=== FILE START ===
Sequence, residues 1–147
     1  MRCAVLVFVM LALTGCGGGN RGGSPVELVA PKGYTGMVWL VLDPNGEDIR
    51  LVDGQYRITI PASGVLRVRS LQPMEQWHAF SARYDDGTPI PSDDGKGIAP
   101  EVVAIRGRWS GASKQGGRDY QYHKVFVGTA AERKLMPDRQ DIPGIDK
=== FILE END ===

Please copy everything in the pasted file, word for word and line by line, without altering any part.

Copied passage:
Sequence, residues 1–147
     1  MRCAVLVFVM LALTGCGGGN RGGSPVELVA PKGYTGMVWL VLDPNGEDIR
    51  LVDGQYRITI PASGVLRVRS LQPMEQWHAF SARYDDGTPI PSDDGKGIAP
   101  EVVAIRGRWS GASKQGGRDY QYHKVFVGTA AERKLMPDRQ DIPGIDK